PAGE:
What are the dangers associated with the over-the-counter sale of certain medicines?

Published Dec 28, 2020 • By Doriany Samair

With the rise of the internet, individuals are increasingly able to learn more about their health. As a result, there is a growing trend towards self-medication.

What are over-the-counter medicines? What are the differences with prescription medicines? What are the dangers involved?

We tell you everything in our article!

What are the dangers associated with the over-the-counter sale of certain medicines?

Which medicines are concerned?


Over-the-counter medicines are medicines that are authorised to be sold without a prior medical prescription.

Some medicines can be bought without prescription. These medicines are listed by the FDA and this list sometimes changes in order to guarantee patients' safety.

Some medicines cannot be sold over the counter because they can potentially be harmful when not used properly (high risk of drug interactions, specific characteristics or intended for children and therefore to use cautiously).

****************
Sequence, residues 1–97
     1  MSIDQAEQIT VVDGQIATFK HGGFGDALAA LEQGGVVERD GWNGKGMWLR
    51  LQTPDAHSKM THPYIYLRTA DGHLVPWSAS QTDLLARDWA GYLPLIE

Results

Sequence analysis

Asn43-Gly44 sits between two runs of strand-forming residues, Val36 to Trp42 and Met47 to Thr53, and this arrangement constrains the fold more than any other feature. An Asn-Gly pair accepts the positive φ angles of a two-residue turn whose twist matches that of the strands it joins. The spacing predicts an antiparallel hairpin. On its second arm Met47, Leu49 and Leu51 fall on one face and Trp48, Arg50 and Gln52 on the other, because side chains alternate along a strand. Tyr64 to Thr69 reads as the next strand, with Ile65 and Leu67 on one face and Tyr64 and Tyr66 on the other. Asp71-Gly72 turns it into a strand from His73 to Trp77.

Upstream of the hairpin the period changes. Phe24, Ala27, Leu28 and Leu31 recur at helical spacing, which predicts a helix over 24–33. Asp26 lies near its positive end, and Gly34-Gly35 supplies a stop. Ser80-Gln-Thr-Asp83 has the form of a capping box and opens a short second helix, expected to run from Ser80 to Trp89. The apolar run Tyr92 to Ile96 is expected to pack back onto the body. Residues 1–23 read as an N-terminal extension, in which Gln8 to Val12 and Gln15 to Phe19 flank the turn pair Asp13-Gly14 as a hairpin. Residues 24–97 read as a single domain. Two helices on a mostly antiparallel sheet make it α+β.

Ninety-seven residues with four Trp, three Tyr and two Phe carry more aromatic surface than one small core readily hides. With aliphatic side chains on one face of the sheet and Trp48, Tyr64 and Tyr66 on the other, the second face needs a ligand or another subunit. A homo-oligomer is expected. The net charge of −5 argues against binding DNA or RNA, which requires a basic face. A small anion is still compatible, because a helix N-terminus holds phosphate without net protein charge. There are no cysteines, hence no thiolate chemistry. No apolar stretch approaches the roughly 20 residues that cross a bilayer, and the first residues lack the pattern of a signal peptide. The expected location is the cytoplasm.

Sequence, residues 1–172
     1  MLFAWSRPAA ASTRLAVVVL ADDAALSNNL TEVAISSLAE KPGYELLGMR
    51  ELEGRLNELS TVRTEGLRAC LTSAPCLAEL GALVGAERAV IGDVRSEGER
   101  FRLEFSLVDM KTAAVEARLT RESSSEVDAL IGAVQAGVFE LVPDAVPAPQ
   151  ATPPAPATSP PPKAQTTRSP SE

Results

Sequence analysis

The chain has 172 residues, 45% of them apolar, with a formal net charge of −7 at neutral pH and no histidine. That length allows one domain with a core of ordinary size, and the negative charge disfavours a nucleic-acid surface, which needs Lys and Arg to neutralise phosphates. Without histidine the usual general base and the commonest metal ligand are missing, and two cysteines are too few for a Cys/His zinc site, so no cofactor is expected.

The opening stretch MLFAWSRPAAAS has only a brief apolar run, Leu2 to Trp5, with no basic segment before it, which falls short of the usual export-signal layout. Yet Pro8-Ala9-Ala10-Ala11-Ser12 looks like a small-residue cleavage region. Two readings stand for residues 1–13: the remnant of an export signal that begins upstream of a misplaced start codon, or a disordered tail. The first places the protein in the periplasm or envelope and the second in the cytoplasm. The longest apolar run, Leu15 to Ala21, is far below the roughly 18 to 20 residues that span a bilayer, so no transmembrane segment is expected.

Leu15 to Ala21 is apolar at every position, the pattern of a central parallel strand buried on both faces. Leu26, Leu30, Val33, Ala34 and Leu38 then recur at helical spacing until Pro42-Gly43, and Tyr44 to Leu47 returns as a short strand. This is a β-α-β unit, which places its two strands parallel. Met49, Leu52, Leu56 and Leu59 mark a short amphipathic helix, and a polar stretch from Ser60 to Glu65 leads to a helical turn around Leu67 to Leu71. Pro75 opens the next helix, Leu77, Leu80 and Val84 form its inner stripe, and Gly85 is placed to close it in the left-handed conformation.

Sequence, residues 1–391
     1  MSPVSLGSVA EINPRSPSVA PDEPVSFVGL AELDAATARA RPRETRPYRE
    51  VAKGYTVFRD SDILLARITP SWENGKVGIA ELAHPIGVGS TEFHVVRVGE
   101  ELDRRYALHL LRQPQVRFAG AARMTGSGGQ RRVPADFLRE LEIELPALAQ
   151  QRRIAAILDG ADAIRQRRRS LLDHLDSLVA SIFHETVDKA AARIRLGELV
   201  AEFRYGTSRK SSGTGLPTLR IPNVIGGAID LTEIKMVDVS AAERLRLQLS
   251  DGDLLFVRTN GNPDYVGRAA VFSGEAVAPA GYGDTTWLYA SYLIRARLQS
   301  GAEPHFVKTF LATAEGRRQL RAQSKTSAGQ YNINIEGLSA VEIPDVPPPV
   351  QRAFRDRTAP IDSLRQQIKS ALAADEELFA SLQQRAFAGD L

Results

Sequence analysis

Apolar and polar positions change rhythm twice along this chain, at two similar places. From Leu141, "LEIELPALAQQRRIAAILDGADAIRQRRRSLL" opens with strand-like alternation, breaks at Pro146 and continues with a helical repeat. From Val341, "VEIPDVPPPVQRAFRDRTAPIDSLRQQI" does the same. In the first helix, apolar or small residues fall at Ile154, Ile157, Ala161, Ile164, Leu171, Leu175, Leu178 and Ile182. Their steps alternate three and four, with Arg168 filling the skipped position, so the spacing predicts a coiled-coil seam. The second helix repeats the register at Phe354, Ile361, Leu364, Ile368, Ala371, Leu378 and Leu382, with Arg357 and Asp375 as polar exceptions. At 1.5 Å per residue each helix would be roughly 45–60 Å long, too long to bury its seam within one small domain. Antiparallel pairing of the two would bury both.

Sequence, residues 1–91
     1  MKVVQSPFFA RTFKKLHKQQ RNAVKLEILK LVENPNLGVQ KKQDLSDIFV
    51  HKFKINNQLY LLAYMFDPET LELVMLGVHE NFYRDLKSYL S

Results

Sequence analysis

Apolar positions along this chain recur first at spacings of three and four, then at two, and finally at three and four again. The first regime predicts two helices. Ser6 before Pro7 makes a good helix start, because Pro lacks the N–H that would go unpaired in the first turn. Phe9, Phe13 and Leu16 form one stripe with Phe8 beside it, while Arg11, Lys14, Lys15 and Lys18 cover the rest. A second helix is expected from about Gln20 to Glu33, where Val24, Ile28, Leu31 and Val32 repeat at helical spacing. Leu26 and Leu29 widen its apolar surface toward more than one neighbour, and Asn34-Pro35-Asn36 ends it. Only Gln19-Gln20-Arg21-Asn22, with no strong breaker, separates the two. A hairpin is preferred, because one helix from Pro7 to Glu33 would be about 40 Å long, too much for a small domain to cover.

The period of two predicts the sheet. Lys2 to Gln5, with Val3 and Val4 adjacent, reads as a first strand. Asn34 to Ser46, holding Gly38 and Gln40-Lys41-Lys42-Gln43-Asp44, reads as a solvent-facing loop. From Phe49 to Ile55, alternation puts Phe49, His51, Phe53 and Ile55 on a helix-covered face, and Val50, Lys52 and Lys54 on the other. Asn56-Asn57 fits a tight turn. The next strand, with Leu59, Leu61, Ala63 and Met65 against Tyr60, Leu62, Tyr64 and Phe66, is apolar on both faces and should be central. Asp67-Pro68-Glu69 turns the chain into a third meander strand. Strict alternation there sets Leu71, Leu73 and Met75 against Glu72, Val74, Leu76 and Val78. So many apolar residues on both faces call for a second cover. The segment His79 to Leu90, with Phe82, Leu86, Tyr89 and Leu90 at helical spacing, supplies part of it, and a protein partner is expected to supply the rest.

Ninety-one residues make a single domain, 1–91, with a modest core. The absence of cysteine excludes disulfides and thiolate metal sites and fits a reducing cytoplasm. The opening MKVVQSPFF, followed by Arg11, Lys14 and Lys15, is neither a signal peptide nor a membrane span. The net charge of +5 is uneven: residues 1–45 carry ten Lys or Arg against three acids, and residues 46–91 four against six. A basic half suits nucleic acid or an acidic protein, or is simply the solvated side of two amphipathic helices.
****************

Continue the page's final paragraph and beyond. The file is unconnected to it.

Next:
What are the criteria for these medicines to be sold over the counter?

To be sold over the counter, medicines must respect some demands to guarantee a safe use. They must treat a benign disease that a patient was able to relevantly self-diagnose. The packaging of these medicines must contain information suited for over the counter access, meaning the instructions must systematically indicate the daily dosage (dosage per intake and number of intakes per day), the hours of intake as well as the interval between each intake. These medicines must be used for short periods of time, and this must be specified on the box/ in the instructions. As soon as this time limit is exceeded, it is advised to refer to a doctor. These medicines are indeed supposed to treat symptoms quickly, within a few days. In addition, these over the counter medicines must be easy to administer: for example, injectable products will never be available over the counter.


This is when any medication is taken without a medical prescription. It is usually used to treat benign symptoms or temporary afflictions that the patient is used to treating on his own